We bolted.  It’s now about 515.  Shit-fucker-damn-damn.  We arrive before six, and no one is there.  Well, okay then.  It looks locked.  Well.  Okay.  Then–we drive around to the other side, which is the police station.  Listen, this is the city hall/police station in a semi-affluent community in the suburbs of St Louis.  I go into the police station and it looks…closed.  I walk around and find my way up some stairs and into an area that looks familiar.  There’s the door to the outside.  It’s not locked.  The place is wide open.
  I go back, get the van, move it back up, and we go in.

  Lou shows up, as does Suzan.  Lou and my son set up the sound and video.  Nyssa practices the sound, and Miranda more or less behaves.  Dollinee and Catherine, however–and I’ve a feeling it was all Dollinee–can’t just sit quietly and brood in a typical teen bored fashion.  No, they have to run around, be annoying, get yelled at, and then get sensitive and pouty and full of attitude and not want to sing. 
  Luckily I don’t have 114 other things that I’m trying to do.  I get them straightened out and calmed down, and I get them to get in front of the mic for a soundcheck.  Barely.  They don’t want to do it because they’re embarrassed, and are nervous about singing in front of people.  Jesus.  They’re in the choir.  And they agreed to do this.  Jesus.
  Charm and charisma got me where I am–I get the girls to cooperate.  We are set, and people start to arrive.
  The "event"–as it were–is a local Republican Club meeting.  The have a few speakers on some notes, and then a guest speaker about the Fair Tax, and then us, as entertainment.  That’s what the program says.
  The first several speakers weren’t supposed to number that many or go on that long.  Suzan, who is actually *in*to the whole political thing, leaned over to me at one point and whispered, "Oh, my God–this is boring."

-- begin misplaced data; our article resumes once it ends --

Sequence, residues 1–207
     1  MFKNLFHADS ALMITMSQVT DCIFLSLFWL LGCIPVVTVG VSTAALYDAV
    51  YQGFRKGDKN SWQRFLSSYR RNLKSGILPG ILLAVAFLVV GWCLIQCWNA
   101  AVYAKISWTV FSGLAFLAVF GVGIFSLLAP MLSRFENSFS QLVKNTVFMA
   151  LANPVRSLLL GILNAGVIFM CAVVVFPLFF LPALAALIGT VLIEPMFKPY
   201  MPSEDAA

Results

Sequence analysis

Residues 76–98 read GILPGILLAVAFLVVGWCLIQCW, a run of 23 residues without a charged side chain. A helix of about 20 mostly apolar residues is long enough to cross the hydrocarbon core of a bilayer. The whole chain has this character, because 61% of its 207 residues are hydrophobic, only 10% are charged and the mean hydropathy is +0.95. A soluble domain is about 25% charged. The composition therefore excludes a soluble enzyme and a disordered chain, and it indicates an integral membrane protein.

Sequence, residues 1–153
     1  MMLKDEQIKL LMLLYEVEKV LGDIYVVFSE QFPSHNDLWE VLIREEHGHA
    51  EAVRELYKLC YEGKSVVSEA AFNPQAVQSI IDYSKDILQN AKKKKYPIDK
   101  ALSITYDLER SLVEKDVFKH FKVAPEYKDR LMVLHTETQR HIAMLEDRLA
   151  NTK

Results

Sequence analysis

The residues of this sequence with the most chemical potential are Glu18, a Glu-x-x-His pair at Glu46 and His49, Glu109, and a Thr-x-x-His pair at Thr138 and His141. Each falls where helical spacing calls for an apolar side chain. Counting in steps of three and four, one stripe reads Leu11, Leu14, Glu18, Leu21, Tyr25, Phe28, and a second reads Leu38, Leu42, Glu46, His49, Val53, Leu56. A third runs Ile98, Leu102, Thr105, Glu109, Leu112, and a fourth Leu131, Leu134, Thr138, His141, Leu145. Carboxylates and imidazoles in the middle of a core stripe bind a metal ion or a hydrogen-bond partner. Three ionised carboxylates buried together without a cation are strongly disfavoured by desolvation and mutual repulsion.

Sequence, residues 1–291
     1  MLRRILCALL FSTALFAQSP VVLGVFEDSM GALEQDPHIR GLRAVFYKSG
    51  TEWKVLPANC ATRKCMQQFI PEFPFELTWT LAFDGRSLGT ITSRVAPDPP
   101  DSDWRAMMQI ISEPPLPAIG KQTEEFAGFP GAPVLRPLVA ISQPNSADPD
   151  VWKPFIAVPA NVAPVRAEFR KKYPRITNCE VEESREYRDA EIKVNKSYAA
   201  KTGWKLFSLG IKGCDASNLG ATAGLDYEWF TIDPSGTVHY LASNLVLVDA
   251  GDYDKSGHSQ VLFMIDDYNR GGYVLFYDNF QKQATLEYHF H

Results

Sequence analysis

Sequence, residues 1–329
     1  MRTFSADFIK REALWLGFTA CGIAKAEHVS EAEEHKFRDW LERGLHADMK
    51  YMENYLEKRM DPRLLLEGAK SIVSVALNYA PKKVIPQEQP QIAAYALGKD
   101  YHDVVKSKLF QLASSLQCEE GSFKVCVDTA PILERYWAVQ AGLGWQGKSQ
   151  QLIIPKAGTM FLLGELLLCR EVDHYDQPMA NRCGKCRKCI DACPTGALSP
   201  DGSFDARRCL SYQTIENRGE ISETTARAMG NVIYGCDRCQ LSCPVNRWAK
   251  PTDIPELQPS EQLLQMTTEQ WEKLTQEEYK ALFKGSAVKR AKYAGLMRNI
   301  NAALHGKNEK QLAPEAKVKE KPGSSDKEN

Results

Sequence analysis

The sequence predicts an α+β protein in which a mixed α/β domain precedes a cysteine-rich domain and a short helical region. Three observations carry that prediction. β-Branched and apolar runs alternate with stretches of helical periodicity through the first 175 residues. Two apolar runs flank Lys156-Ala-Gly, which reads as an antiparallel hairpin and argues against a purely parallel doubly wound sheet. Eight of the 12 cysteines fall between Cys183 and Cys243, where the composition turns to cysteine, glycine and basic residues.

"Really?  Good.  I thought it was just me."
  It started at 700pm.  It was after 8–and running late–before we got on.  Oh boy.
  I swear I don’t know what I’m doing sometimes.  Audacity, always audacity.  I just winged it, dove right in, and went for it.  So to speak.
  I guess overall, the show was very…okay.  It certainly wasn’t great by any stretch of the imagination.  But it wasn’t completely horrible.  I didn’t have groupies clinging onto me when it was over, I know that.  That’s how you measure a performance.
  The songs went well.  The first one better than the second.  The audience laughed and enjoyed them.  I wonder how the audio is.  We’ll find out.  (Haven’t heard it yet.)  Nyssa told me she got some very nice compliments later from the audience, both about their singing and the lyrics.  Hey, I wrote those!  Well, good on me.
  But since we went up late, we cut a few things out.  And we were reading from our scripts, kinda.  It was a little sloppy.  I kept my eye on a woman in the front row who had the MILF appeal.  She liked the show, she thought it was good.  Not good enough to want to meet me after the show, though.  It’s a fine line. 
  Since I had my eye on her, I didn’t notice what Suzan told me about later–a bunch of people got up and left throughout the show.  At first it didn’t phase me, and then I was upset about it, and I’m back to where it doesn’t phase me again.  As I say on the website for the show:  we’re not for everyone.  Chances are, we’re not for you.
  My audience is not 120 year old Republicans.  Actually, right now my audience is non-existent.  But who I’m going after are younger to middle aged people who may be on the fence about things.  I want to persuade with humor and sarcasm.  And shock.  I want to say things that are shocking enough to make you think new ways about things.  That’s all I want.
  But groupies would be nice too.